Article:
The Pretty Brown Girl Movement: Black Girls Deserve A Doll Too

Where are all the black dolls? Most little girls who played with Barbies or Cabbage Patch Kids an tell you that their dolls were usually white with blonde hair and blue eyes. Fewer dolls had darker hair, even fewer had dark hair and dark eyes, and almost none had dark skin.

Fortunately, there are some people who are fighting to put a stop to the lack of diversity in dolls that young women play with.

Sheri and Corey Crowley didn’t think much of the race of their daughters dolls until the noticed their beautiful little girls battling some serious self esteem issues.

At a young age the girls were able to notice that none of their dolls – which are often examples of beauty to most little girls – actually looked like them.

Needles to say when young girls grow up seeing many images of beauty but none that ever look like her, it makes her wonder “What is wrong with me?” “Why can’t I be beautiful?” “What did I have to look this way?”

The severity of the lack of diversity in children’s dolls became overwhelmingly apparent when the Crowley daughters headed to an American Girl Doll store for a birthday party.

The image of a black doll had already been tainted and even if they did want an African American doll, the only black option the store had was a freed slave doll.

After the family moved into a majority whit neighborhood the girls’ insecurities sky rocketed and suddenly they just couldn’t understand why they didn’t look like their dolls or the other girls in their class.

“She started asking me for products that she would see on TV,” the girls’ mother Sheri explained. “So if it was a Pantene commercial where she would see long blonde hair similar to her table mates, she would ask me to buy it thinking that it would change her hair.”

Sheri knew the shampoo wouldn’t change her daughter’s hair but she did have a way to changer her daughter’s perception.

She teamed up with her husband to create the “Pretty Brown Girl Movement” which will feature an entire collection of African American dolls. While the beautiful brown dolls were being manufactured, the couple had already begun spreading the word by creating a t-shirt line with the slogan “Pretty Brown Girl Movement.”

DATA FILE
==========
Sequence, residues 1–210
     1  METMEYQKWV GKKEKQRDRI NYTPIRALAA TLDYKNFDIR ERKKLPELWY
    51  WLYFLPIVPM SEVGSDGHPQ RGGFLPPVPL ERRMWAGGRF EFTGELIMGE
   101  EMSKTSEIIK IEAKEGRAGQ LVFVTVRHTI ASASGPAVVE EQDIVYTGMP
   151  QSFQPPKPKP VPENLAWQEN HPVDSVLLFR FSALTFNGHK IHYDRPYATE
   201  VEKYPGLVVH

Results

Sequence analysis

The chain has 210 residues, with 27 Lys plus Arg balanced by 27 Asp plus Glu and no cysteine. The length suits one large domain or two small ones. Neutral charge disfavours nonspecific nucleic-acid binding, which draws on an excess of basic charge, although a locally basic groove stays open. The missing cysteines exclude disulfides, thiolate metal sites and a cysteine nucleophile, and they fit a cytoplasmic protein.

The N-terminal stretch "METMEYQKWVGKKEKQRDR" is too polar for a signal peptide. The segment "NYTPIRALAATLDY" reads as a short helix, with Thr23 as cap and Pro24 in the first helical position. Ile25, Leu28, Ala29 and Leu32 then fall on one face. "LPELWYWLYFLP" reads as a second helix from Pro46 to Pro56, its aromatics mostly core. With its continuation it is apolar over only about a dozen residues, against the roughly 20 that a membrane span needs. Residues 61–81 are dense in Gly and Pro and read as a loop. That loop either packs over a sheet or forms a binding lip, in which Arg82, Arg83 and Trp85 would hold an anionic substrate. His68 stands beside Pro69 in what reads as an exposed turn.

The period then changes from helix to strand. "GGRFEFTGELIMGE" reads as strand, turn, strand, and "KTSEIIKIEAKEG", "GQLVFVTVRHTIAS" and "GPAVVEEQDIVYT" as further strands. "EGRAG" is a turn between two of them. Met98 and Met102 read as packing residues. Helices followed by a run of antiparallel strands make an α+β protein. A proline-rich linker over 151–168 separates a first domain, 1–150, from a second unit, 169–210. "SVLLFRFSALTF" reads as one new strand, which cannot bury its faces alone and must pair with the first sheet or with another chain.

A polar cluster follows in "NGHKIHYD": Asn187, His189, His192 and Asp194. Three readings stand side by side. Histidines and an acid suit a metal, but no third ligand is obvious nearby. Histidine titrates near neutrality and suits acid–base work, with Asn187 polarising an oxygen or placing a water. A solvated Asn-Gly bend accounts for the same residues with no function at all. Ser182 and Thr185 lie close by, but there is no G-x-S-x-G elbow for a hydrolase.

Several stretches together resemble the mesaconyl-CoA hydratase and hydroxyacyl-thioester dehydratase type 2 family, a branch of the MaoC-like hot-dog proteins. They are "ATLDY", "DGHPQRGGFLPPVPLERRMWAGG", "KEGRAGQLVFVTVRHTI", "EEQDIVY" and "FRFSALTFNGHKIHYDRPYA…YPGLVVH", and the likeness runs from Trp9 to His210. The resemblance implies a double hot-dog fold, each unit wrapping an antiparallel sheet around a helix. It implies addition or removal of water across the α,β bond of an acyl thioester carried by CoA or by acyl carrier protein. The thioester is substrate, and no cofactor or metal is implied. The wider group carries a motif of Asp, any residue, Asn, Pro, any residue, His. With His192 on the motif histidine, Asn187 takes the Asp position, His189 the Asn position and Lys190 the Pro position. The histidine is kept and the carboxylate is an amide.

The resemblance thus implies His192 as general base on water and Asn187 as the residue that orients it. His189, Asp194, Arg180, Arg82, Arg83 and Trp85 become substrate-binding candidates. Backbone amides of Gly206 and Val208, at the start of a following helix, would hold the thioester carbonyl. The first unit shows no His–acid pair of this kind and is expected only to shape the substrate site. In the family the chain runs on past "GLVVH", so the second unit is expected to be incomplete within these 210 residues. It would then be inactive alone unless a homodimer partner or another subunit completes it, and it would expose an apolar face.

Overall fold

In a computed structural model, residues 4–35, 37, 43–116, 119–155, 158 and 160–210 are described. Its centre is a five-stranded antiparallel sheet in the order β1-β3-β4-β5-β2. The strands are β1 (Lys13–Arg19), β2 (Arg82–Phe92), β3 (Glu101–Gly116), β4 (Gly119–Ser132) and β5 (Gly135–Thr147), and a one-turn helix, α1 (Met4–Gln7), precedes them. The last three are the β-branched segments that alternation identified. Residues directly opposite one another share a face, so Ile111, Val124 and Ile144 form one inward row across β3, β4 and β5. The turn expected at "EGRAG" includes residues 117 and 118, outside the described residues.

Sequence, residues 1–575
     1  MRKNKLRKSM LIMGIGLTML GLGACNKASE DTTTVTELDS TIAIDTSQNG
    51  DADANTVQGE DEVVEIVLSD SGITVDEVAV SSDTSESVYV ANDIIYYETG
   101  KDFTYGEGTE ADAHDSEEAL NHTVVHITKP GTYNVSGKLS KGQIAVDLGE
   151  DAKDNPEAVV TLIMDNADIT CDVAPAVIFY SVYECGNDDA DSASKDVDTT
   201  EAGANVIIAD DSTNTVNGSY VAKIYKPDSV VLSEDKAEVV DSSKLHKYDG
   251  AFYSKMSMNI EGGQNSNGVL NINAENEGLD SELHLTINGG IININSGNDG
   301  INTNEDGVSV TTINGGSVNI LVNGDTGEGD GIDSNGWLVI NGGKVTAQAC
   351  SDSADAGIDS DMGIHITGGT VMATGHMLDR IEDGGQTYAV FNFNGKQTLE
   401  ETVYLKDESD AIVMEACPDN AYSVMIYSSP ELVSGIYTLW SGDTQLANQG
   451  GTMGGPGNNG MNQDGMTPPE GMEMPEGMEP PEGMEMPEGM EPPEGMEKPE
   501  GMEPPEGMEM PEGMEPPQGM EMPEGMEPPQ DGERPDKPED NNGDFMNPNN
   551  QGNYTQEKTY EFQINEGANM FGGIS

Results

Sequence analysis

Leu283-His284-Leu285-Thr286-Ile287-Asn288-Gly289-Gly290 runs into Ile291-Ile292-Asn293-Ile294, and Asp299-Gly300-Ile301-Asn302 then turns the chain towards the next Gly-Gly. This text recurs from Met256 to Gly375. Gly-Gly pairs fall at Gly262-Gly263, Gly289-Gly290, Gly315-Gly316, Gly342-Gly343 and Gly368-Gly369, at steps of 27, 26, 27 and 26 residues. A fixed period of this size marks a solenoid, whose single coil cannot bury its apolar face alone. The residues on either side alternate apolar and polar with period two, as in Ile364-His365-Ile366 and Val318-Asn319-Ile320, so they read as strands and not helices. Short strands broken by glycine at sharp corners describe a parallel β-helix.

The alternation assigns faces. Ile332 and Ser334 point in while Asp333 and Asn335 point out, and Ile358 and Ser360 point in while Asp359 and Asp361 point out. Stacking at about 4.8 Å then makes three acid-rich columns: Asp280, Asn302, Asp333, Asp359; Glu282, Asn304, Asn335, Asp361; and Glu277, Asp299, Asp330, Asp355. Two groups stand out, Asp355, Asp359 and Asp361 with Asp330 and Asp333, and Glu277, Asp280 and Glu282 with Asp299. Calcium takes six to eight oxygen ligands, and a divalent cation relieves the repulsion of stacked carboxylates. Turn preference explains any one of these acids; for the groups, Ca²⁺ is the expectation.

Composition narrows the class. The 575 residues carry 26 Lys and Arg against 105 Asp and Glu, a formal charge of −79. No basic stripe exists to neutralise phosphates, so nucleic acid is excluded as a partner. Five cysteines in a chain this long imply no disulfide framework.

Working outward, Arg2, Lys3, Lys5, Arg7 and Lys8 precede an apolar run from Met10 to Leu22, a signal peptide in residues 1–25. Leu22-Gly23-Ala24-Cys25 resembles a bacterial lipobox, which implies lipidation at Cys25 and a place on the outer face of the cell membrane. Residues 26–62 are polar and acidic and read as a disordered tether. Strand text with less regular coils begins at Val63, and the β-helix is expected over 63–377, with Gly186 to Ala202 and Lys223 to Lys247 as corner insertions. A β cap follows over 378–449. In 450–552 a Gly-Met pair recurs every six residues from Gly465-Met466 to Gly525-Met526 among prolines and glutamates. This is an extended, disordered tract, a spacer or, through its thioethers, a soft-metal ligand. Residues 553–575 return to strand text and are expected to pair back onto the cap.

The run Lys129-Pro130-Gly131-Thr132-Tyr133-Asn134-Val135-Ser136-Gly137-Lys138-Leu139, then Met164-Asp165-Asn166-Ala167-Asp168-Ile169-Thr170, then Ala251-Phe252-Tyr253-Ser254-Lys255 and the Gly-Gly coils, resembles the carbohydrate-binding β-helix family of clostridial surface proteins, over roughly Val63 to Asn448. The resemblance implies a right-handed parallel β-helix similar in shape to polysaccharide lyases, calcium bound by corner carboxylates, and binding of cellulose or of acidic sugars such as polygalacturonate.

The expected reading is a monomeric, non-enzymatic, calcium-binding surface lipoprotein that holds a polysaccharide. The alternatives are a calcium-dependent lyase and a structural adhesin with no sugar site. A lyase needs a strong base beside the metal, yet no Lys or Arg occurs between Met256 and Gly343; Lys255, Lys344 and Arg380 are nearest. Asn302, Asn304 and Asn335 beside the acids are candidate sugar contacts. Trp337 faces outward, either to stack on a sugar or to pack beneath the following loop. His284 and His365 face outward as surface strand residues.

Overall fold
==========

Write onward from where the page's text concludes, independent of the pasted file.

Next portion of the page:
Some people may not see how serious it is for a young girl to have a doll that looks like her, but we have to understand that a doll is more than just a toy.

The things kids play with have a major role in socializing them and shaping their beliefs and values.

Think about the way a white Barbie has had several fun careers that little girls can aspire to be. The traditional Barbie doll – with white skin, blonde hair, and blue eyes – has been featured in every occupation from a doctor to a professional beautician.

What careers was the rare black Barbie obtained? A flight attendant, waitress, and the latest black Barbie doesn’t even have a job. She’s just a superficial doll holding tiny versions of designer hand bags with long blonde hair (that obviously isn’t natural to any African American woman) and a cleavage exposing outfit that makes her appear to be some sort of sex feign or Jezebel.

So these are the goals and aspirations that young black girls have to look forward to. When they day dream with the aid of their dolls they aren’t supposed to dream higher than being a flight attendant or some hoochie who has mysteriously obtained expensive goods without covering herself up? Meanwhile the Caucasian Barbies are helping young white girls have dreams of being teachers, lawyers, doctors, police officers, race car drivers, astronauts, beauty queens, and more.

One filmmaker had the pleasure of growing up with mostly African American dolls simply because her mother stood in long lines and put in special orders to receive the dolls of different ethnicities.

So you can only imagine her confusion when one of her friends finally asked her as a child, “Why do you have black dolls?”

As a child she didn’t really have an answer, but when she grew older she created a documentary that answered that very same question that had stuck with her throughout all those years.

The documentary, which is actually titled “Why Do You have Black Dolls,” exposes just how difficult it was for her mother to obtain the dolls of color and what implications the lack of a black doll has on many growing girls.

Needless to say it was quickly revealed that most of the girls saw the classic Barbie images as beautiful, but didn’t feel the same way about the black dolls.

For some girls, however, they were still simply overwhelmed and joyful to see a doll that had their eyes, skin color, hair, and facial features.

We may be old enough to know that a doll shouldn’t determine what is beautiful and what isn’t, but for a young impressionable girl growing up in a world full of imagination and wonder – why does a beautiful black doll have to be a part of that imaginative world rather than her reality?


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